Detection of interproximal demineralized lesions on human teeth in vitro using frequency-domain infrared photothermal radiometry and modulated luminescence

Raymond J. Jeon, Anna Matvienko, Andreas Mandelis, Stephen H. Abrams, Bennett T Amaechi, Gajanan Kulkarni

Research output: Contribution to journalArticle

23 Citations (Scopus)

Abstract

Frequency-domain photothermal radiometry (FD-PTR or PTR) is used to detect mechanical holes and demineralized enamel in the interproximal contact area of extracted human teeth. Thirty-four teeth are used in a series of experiments. Preliminary tests to detect mechanical holes created by dental burs and 37% phosphoric acid etching for 20 s on the interproximal contact points show distinct differences in the signal. Interproximal contact areas are demineral-ized by using a partially saturated acidic buffer system. Each sample pair is examined with PTR before and after micromachining or treating at sequential treatment periods spanning 6h to 30 days. Dental bitewing radiographs showed no sign of demineralized lesion even for samples treated for 30 days. Microcomputer tomography (μ-CT), transverse microradiography (TMR), and scanning electron microscopy (SEM) analyses are performed. Although μ-CT and TMR measured mineral losses and lesion depths, only SEM surface images showed visible signs of treatment because of the minimal extent of the demineralization. However, the PTR amplitude increased by more than 300% after 80 h of treatment. Therefore, PTR is shown to have sufficient contrast for the detection of very early interproximal demineralized lesions. The technique further exhibits excellent signal re-producibility and consistent signal changes in the presence of inter-proximal demineralized lesions, attributes that could lead to PTR as a reliable probe to detect early interproximal demineralization lesions. Modulated luminescence is also measured simultaneously, but it shows a lower ability than PTR to detect these interproximal demineralized lesions.

Original languageEnglish (US)
Article number034028
JournalJournal of Biomedical Optics
Volume12
Issue number3
DOIs
StatePublished - May 2007

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Radiometry
teeth
Luminescence
lesions
Tooth
Microradiography
luminescence
Infrared radiation
Scanning electron microscopy
Enamels
Micromachining
Point contacts
Phosphoric acid
Microcomputers
Electron Scanning Microscopy
Tomography
Minerals
Etching
Buffers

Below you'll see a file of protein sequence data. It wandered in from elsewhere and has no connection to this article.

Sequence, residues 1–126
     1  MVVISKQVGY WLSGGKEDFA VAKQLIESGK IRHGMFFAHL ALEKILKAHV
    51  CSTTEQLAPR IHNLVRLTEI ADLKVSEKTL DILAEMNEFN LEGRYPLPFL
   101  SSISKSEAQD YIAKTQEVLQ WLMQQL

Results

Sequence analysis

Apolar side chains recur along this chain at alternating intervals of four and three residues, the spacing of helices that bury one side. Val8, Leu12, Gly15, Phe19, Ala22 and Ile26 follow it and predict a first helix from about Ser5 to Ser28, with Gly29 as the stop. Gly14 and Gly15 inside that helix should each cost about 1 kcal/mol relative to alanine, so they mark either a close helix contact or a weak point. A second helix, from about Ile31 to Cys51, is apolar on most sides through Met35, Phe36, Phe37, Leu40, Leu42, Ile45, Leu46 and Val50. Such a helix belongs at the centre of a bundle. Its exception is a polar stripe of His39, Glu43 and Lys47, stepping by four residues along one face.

Microtechnology

Keywords

  • Dental photothermal radiometry
  • Detection of demineralized dental lesions
  • Interproxi-mal dental caries detection
  • Modulated luminescence

ASJC Scopus subject areas

  • Biomedical Engineering
  • Biomaterials
  • Electronic, Optical and Magnetic Materials
  • Atomic and Molecular Physics, and Optics
  • Radiology Nuclear Medicine and imaging
  • Radiological and Ultrasound Technology
  • Clinical Biochemistry

Cite this

Detection of interproximal demineralized lesions on human teeth in vitro using frequency-domain infrared photothermal radiometry and modulated luminescence. / Jeon, Raymond J.; Matvienko, Anna; Mandelis, Andreas; Abrams, Stephen H.; Amaechi, Bennett T; Kulkarni, Gajanan.

In: Journal of Biomedical Optics, Vol. 12, No. 3, 034028, 05.2007.

Research output: Contribution to journalArticle

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abstract = "Frequency-domain photothermal radiometry (FD-PTR or PTR) is used to detect mechanical holes and demineralized enamel in the interproximal contact area of extracted human teeth. Thirty-four teeth are used in a series of experiments. Preliminary tests to detect mechanical holes created by dental burs and 37{\%} phosphoric acid etching for 20 s on the interproximal contact points show distinct differences in the signal. Interproximal contact areas are demineral-ized by using a partially saturated acidic buffer system. Each sample pair is examined with PTR before and after micromachining or treating at sequential treatment periods spanning 6h to 30 days. Dental bitewing radiographs showed no sign of demineralized lesion even for samples treated for 30 days. Microcomputer tomography (μ-CT), transverse microradiography (TMR), and scanning electron microscopy (SEM) analyses are performed. Although μ-CT and TMR measured mineral losses and lesion depths, only SEM surface images showed visible signs of treatment because of the minimal extent of the demineralization. However, the PTR amplitude increased by more than 300{\%} after 80 h of treatment. Therefore, PTR is shown to have sufficient contrast for the detection of very early interproximal demineralized lesions. The technique further exhibits excellent signal re-producibility and consistent signal changes in the presence of inter-proximal demineralized lesions, attributes that could lead to PTR as a reliable probe to detect early interproximal demineralization lesions. Modulated luminescence is also measured simultaneously, but it shows a lower ability than PTR to detect these interproximal demineralized lesions.",
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